In its most simplistic form, real time analog processing is possible with plain bearing recognition based on amplitude signal level and a different alarm criterion for each bearing type. Also, both roller bearing and plain bearing signals may be fed into a common absolute amplitude alarm circuit, thus maintaining independent operation for each side of the train.
Preferably since the two scanners 26, 28 are aligned transversely across the rail, a single wheel transducer 32 may be used for both scanner circuits. A gate width of 7" along the rail allows the gate to open and close while the scanner is still viewing the bearing--an ideal condition.
In the embodiment shown in FIG. 4, only the data signals corresponding to the temperature of the end cap 48 or plain bearing lid (point 86) are gated by switch 72 to circuit 74. However, the hot wheel circuit 68 receives the temperature signals indicating the temperature of both the wheel rim 44 and the end cap 48. Because normally the wheel rims run at much higher temperatures then the end caps, even when overheated, an end cap or a plain bearing housing lid will not register as a hot wheel. A typical overheated end cap may have a temperature of 200° F. while a typical overheated wheel rim may have a temperature of about 600° F.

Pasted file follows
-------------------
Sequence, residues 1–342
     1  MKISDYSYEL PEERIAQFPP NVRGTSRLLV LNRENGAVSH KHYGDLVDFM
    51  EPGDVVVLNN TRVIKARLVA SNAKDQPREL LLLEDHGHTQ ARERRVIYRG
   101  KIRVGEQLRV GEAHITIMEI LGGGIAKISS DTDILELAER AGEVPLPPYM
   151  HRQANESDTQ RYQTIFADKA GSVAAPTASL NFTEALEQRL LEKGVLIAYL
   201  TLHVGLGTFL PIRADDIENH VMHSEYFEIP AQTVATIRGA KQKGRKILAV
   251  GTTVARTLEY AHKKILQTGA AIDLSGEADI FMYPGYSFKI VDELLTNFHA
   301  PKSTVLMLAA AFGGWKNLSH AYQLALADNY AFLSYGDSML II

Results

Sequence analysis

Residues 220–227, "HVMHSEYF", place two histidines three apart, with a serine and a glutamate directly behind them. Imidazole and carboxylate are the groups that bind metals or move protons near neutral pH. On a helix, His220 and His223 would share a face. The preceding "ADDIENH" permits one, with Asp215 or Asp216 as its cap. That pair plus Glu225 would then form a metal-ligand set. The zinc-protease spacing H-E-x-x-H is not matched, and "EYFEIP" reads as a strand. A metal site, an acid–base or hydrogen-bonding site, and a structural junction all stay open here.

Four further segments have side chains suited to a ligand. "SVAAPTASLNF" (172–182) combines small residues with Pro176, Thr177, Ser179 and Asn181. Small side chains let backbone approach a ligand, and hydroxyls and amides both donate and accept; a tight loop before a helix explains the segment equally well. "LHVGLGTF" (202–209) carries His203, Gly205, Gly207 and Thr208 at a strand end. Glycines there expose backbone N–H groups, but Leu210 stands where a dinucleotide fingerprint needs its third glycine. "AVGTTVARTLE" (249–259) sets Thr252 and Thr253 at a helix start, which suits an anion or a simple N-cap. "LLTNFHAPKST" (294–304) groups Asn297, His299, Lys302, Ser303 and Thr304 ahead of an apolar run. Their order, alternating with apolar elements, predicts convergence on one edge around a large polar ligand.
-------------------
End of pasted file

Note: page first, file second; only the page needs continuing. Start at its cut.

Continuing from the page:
The arrangement described above has numerous advantages over the prior art detectors having scanners disposed on the rail bed and oriented along the rails 10, 12. The arrangement permits a much shorter lens-to-bearing distance which is much more effective in poor weather, for example in swirling or accumulating snow. In fact it will take over 15" of snow or water to interfere directly with the scanner operation. The prior art scanners were incapacitated by water entrance due to poor drainage, or snow or ice deposited on the scanners by the action of snowplows.